British anti-terror hotline breached by hackers: police

Apr 12, 2012
British armed policemen secure a road in West London. Hackers have recorded calls between staff manning Britain's anti-terrorist hotline, Scotland Yard has revealed, in the second security breach involving the force in recent months.

Hackers have recorded calls between staff manning Britain's anti-terrorist hotline, Scotland Yard revealed Thursday, in the second security breach involving the force in recent months.

Hoaxers also telephoned the hotline, a confidential service allowing people to report suspicious behaviour, and recorded the conversations they had.

The London police force said it had launched an investigation into the breach and urged members of the public to continue using the service.

"We are aware of an issue whereby hoaxers have made calls to the anti-terrorist hotline and have made recordings of their conversations with anti-terrorist hotline staff," it said in a statement.

"In addition, recordings have been made of conversations between Metropolitan Police Service (MPS) anti-terrorist hotline staff."

It said the investigation was being led by Scotland Yard's cyber crime unit, adding: "The anti-terrorist hotline remains operational and we continue to urge members of the public to report any suspicious activity to the police.

"Public reporting is an important part of the fight against terrorism and any attempt to disrupt this service will be investigated thoroughly."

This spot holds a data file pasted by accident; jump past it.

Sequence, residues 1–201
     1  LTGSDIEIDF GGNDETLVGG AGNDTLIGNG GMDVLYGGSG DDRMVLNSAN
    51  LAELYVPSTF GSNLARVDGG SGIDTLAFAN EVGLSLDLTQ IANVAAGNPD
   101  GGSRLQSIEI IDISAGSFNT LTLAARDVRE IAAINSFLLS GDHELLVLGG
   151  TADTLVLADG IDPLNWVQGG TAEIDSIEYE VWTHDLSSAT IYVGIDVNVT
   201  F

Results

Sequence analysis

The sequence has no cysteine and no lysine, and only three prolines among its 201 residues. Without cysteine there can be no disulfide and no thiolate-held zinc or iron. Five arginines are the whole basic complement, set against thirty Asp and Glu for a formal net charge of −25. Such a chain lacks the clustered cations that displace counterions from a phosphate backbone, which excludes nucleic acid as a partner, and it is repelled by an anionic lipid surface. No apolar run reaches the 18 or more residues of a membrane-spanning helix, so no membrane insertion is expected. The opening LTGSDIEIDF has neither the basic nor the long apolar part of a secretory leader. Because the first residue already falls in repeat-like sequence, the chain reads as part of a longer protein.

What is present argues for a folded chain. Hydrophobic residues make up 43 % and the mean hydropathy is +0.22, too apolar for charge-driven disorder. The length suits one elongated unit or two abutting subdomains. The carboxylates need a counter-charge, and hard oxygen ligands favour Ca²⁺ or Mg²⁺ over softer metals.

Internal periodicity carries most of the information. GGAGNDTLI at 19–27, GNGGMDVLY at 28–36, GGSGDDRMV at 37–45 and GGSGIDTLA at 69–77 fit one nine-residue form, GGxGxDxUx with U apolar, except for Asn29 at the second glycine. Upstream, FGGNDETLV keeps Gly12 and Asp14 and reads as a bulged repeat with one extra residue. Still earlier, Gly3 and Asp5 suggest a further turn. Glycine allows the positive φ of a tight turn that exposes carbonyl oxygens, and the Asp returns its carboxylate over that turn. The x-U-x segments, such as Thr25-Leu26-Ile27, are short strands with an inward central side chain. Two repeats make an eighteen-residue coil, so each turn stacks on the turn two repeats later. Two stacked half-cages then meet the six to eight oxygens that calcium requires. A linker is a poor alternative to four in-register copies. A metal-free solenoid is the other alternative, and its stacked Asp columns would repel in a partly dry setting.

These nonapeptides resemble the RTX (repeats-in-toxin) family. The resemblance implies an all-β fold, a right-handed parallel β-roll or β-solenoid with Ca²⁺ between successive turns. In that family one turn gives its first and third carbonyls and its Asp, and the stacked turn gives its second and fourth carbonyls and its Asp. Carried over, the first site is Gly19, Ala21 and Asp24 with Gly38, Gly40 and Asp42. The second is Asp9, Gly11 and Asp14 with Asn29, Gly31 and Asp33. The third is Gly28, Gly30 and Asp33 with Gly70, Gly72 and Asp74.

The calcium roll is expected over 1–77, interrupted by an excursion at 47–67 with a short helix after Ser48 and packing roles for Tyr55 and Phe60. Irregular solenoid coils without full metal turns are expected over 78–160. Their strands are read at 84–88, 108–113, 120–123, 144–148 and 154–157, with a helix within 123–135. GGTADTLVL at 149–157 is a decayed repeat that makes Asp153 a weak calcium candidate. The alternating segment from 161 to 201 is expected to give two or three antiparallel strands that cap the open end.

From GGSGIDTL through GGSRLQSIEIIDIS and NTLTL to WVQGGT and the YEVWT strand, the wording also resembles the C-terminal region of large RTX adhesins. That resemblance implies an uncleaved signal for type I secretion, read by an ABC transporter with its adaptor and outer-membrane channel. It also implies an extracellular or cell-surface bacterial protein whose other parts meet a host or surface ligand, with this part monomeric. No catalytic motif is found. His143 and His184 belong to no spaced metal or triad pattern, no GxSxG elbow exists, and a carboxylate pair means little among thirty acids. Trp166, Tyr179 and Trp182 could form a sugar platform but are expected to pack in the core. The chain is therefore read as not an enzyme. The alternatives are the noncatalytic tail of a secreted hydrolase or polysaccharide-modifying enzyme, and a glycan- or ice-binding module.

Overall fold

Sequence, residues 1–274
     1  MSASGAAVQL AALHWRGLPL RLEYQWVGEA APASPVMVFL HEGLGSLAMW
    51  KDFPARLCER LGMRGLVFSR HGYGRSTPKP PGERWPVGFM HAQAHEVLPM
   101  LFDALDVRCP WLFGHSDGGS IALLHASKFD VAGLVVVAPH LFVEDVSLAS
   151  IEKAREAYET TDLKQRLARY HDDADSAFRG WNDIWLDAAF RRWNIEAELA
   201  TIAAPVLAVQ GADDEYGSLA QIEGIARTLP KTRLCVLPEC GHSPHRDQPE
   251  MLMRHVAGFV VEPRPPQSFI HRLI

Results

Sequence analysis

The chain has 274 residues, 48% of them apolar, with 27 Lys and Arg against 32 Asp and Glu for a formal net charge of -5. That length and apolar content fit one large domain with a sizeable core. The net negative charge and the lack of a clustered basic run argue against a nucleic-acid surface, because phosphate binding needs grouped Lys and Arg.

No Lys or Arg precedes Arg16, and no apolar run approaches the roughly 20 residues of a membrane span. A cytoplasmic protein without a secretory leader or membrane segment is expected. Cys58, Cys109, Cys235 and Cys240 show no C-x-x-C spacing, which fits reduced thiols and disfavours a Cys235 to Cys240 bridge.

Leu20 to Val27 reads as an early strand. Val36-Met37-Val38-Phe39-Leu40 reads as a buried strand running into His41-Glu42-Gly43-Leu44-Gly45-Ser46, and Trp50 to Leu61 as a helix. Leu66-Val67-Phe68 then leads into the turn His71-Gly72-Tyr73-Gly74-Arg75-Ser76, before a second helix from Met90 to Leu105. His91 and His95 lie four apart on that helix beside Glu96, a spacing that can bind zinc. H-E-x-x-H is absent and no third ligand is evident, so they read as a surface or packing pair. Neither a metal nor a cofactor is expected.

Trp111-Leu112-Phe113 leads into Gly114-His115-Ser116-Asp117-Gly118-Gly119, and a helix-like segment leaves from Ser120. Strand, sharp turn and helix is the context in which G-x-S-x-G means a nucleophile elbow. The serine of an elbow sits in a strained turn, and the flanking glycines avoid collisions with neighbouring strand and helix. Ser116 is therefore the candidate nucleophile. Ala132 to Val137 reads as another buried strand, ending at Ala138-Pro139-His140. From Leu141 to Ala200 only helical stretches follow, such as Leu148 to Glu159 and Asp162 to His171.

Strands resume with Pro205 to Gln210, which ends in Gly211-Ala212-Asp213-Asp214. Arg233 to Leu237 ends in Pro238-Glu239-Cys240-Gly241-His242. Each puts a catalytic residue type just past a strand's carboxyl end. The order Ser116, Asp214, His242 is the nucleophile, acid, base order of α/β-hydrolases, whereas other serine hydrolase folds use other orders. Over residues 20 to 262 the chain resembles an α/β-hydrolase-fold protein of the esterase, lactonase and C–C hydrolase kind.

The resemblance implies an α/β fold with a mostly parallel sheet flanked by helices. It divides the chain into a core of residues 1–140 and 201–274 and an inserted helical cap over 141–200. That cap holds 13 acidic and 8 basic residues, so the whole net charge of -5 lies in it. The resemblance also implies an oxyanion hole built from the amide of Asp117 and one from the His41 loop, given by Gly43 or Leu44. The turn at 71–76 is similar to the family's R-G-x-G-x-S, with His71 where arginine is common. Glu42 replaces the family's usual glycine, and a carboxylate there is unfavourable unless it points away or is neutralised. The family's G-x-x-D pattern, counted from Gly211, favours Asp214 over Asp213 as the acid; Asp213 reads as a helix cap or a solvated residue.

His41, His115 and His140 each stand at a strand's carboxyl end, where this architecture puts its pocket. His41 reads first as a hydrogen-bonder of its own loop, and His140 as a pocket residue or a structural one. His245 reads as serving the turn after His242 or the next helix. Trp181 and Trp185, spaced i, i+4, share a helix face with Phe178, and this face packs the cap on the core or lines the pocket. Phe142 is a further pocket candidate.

In February, hacker group Anonymous released a recording of a conference call between Scotland Yard and FBI officials discussing operations against the collective.

The British force said at the time that it believed that none of its systems had been hacked, while the US law enforcement agency said it had launched a criminal investigation into the breach.

In an advertising campaign entitled "It's probably nothing, but...", Scotland Yard promotes its anti-terrorist hotline as a confidential way for people to report suspicious behaviour.

"We know you may have concerns about speaking to the police -- possibly because your friends or family may find out. But all information passed to the police is treated in the strictest of confidence," it says.

Britain's intelligence services currently judge the threat level to the country from international terrorism to be "substantial", the third of five levels meaning an attack is a strong possibility.

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